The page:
Tuna Princess by Daisy Rockwell
**Mohamed Mahmood Alessa was arrested with his friend (and co-conspirator) on the way to join a militant group in Somalia. His mother has said that he wanted to take his cat, Tuna Princess, with him, but she did not allow it and they argued. **
Acrylic on wooden panel, 14″ x 14″
I haven’t unpacked my bags yet. Just yesterday I was in North Adams, Massachusetts, where I had driven on Thursday to attend the opening of Rasgulla, Daisy Rockwell’s art-show. (Daisy is a wonderful artist whose work I hadn’t known about till only a few months ago; I have met her since, and regard her as a close friend.) The exhibition in North Adams of Diasy’s paintings draws upon the idea of what Sanskrit aestheticians called “rasas,” the nine perfected moods, distillations of human emotions into a pure form. An important part of the exhibition is Daisy’s exploration of “political rasas,” her attempt to take fleeting news-images of public figures and turn them into physical objects. You see the painting of the Ayatollah in a purple forest; Barack Obama as a boy, standing on the tarmac with his father’s arms around him; Sarah Palin, wearing red shoes, sitting on a sofa, surrounded by dead animals. For me, the greatest interest lay in Daisy’s paintings of those accused of terrorist acts. I have long held that many of the writers and artists working in the aftermath of 9/11 have presented a faux familiarity with the so-called terrorist mind. Daisy’s art makes no such claims. It returns us to what is real–and therefore surprising–about human lives. She has painted portraits of Osama bin Laden and Mullah Omar, and there must be some bravery involved in putting these up on the walls of a gallery, but what Daisy is especially good at is painting those one would call ordinary terrorists. These are people who might be behind bars but in the paintings emerge as individuals, as individuals who are neither particularly heroic nor particularly villainous. This isn’t what DeLillo was writing about in a story that invoked Gerhard Richter–this isn’t about a viewer seeing that even terrorists can be forgiven. There is too much irony in Daisy’s paintings, and often, also glitter. There is ambiguity, perhaps, and more than that, a plain sense of attention. It is as if in an effort to find more about the world in which we are living, a world where the war on terror is a fact, the artist has finally found a human face.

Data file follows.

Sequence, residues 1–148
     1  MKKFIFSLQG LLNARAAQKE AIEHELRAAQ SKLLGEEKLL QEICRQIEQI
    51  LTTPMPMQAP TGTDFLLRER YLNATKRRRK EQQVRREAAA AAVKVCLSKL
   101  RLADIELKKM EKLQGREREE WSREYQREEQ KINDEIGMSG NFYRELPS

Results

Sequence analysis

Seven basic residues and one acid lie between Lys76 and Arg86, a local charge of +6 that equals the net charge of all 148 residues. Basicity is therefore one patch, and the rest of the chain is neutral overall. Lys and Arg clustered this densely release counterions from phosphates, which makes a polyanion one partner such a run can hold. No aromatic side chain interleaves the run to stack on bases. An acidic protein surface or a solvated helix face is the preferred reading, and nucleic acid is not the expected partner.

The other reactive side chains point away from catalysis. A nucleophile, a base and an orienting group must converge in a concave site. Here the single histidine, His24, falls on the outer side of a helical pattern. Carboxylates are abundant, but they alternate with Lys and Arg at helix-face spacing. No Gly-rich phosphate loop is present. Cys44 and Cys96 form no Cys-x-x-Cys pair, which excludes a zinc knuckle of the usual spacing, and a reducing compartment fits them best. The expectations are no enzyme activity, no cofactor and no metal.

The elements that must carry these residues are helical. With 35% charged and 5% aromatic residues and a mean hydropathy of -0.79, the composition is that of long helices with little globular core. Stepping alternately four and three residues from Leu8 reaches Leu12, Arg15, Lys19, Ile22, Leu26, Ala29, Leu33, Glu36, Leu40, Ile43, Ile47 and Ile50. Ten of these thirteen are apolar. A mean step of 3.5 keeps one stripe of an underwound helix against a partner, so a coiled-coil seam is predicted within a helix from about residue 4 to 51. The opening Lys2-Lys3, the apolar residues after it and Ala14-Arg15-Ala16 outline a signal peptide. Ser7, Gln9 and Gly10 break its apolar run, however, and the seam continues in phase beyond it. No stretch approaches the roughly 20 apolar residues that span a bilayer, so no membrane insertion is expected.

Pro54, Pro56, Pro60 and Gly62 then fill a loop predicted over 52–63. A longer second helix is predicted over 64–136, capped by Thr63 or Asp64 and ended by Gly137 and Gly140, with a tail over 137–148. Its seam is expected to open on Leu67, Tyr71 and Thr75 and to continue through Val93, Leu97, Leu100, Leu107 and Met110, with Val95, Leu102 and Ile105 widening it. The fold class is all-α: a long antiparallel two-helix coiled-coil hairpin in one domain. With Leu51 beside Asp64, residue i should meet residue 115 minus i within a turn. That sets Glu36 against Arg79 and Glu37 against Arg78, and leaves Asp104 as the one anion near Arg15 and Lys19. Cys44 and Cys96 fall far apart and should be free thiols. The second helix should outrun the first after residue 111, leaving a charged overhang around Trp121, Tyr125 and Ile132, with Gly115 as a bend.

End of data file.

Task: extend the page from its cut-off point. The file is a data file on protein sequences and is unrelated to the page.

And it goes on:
But the state lacks all subtlety. Earlier this evening, I read that a six-year-old girl from Ohio, Alyssa Thomas, has been put on a “no-fly” list. Her father, Santhosh Thomas, a doctor, has readily admitted that Alyssa has probably been mean to her sister in the past. And added, “She may have threatened her sister, but I don’t think that constitutes Homeland Security triggers.” I think Daisy should paint the portrait of this little terrorist.